Nading: Tanning is not a disease



Mackenzie Nading

Too much of a good thing can be bad.

People first become acquainted with this mantra as children, when they finally get the chance to be alone with all of their collected Halloween candy. The opportunity to engage in a smorgasbord of sweets just for themselves is placed in front of them. But this heavenly situation quickly turns sour, usually around the seventh or eighth candy bar, when the nausea sets in. From a young age the lesson becomes quite clear: Good things are to be had in moderation, or bad outcomes are sure to occur.

Now the “too much of a good thing” wisdom applies to much more than just indulging in candy. We are faced with it around almost every corner. Whether it’s over-eating that causes obesity or not being able to put cell phones down for one car trip and they cause an accident. These overindulgences quickly become a problem, disease or addiction in the critical eye of society. The most recent of these social concerns is that tanning in electric beds, particularly among women, is becoming excessive and out of control. It has been labeled as a disease and given the name “tanorexia.”

The concern of excessive tanning grew from a news story about a mother who allegedly allowed her five year old daughter to tan. The rumor was never proven to be true, but the appearance of the mother herself was what sparked the concern with tanning. The woman, quite frankly, looked like a piece of leather. She had an unnatural orange completion, wrinkled skin and dark spots all around her arms and face. It was clear that she has put herself in a tanning bed way too many times.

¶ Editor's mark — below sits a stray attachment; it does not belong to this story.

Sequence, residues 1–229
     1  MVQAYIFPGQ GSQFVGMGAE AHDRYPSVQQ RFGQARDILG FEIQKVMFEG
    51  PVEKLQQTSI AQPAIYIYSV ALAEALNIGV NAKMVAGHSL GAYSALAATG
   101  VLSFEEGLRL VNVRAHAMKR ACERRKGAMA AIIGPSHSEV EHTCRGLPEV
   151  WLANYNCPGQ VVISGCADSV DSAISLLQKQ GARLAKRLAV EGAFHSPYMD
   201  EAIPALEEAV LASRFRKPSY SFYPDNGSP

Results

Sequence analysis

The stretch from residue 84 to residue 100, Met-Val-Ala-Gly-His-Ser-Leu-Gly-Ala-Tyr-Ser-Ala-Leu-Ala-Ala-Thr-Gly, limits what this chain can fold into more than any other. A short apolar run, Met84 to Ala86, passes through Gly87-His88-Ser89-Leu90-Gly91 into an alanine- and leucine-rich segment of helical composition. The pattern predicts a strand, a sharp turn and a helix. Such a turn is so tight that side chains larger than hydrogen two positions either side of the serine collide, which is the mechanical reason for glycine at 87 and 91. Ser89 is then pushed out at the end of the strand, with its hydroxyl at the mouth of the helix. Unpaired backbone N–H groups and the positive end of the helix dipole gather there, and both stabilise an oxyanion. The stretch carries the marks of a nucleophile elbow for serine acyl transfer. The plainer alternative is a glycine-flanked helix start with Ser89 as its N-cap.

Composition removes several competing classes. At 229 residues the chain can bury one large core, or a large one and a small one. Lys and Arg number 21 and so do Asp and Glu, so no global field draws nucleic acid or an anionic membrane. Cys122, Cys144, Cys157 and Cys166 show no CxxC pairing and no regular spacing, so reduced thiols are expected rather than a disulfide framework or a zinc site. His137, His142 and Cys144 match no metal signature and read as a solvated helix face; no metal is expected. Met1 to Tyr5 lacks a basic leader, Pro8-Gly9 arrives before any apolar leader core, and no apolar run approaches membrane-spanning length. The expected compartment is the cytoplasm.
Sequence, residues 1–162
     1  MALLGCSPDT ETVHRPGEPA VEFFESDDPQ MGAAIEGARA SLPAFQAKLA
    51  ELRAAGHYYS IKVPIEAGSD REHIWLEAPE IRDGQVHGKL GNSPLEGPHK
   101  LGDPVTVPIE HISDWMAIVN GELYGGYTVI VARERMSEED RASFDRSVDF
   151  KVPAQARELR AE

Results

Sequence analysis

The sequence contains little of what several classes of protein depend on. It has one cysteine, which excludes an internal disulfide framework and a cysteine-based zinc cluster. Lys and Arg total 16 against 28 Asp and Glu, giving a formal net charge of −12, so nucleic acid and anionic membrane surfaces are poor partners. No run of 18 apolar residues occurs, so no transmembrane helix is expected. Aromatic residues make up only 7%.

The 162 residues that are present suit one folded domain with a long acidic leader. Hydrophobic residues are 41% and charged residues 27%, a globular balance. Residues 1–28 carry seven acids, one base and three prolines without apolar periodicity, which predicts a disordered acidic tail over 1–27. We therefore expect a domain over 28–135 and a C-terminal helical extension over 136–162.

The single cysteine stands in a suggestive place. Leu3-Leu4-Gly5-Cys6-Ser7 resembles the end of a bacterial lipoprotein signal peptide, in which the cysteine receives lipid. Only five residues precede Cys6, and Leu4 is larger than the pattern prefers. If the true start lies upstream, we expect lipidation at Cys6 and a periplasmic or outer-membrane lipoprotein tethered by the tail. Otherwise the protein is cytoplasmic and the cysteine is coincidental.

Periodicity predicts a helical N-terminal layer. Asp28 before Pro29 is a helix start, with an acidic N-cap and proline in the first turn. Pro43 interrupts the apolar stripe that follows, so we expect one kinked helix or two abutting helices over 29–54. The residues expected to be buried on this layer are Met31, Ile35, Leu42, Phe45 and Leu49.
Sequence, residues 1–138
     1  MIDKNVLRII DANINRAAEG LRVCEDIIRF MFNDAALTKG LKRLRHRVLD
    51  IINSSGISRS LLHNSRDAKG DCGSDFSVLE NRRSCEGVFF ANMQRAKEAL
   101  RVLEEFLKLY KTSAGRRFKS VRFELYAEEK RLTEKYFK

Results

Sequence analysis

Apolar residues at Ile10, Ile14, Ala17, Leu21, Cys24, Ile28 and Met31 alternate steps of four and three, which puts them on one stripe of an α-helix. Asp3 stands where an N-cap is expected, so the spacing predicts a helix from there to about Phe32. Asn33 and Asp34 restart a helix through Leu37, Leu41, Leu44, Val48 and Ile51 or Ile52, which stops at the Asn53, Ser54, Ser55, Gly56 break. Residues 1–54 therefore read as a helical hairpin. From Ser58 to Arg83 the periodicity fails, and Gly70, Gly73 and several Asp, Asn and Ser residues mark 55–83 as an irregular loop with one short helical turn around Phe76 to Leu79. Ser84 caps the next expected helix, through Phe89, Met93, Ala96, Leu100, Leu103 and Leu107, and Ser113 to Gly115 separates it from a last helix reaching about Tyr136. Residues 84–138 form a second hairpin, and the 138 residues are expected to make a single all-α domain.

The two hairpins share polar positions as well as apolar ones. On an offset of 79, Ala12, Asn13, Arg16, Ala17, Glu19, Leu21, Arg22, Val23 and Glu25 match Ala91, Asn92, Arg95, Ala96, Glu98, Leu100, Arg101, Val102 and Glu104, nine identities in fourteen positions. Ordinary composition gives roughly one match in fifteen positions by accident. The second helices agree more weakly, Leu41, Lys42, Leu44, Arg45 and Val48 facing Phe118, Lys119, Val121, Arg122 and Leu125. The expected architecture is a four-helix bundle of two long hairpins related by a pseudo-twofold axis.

Speaking as one out of the millions of young women throughout America that do choose to tan, that crazy leather woman is not allowed to speak for all of us.

I choose to tan for multiple reasons, and none of those reasons is to look like an Oompa Loompa. The first is it’s relaxing. Many people that judge those who do tan have never been in a tanning bed. It’s warm and quiet and has the uncanny ability to lull a person to sleep. Another reason is because society tells me, and every other girl, tan is attractive. Now, I don’t mean to sound like a materialistic chick, but I tan so I can fit in and feel good about myself.

Let’s be honest, the media has a huge influence on what people do. Whether it’s the clothes they buy, how they chose to style their hair or what color they try to turn their skin. Most will scoff when someone says they make a life choice just to fit in, but the truth is everyone tries in some way or another, and I, along with many others, feel more attractive and comfortable in society with a tan.

So now that we’re being honest, it’s time to set the record straight: Yes, people tan to fit in, to fall into what society deems as attractive or normal, but most of us also understand that too much tanning can lead to unfortunate outcomes. I will not go to extreme measures in the tanning bed, and I’m sure most other tanning happy girls agree. 

Of course there are legitimate concerns with tanning, the main one being that it creates a higher chance of skin cancer. But I can also get cancer from my cellphone, the natural sun outside and too much McDonalds, and millions of people are exposed to each of those things on a daily basis.

The moral of the story here is tanning, just like Halloween candy, can be enjoyed in moderation. Just because someone has a membership to a tanning salon does not mean that they are going to look like a piece of leather by the time they are 30. The mother mentioned above was, sadly, never taught that too much of a good thing can lead to a devastating outcome, thus she should not be allowed to be the poster child for the effects of tanning. Becoming bronze from an electric bed is nothing to be ashamed of and is in no way, shape or form a disease consuming those who choose to enter a tanning salon.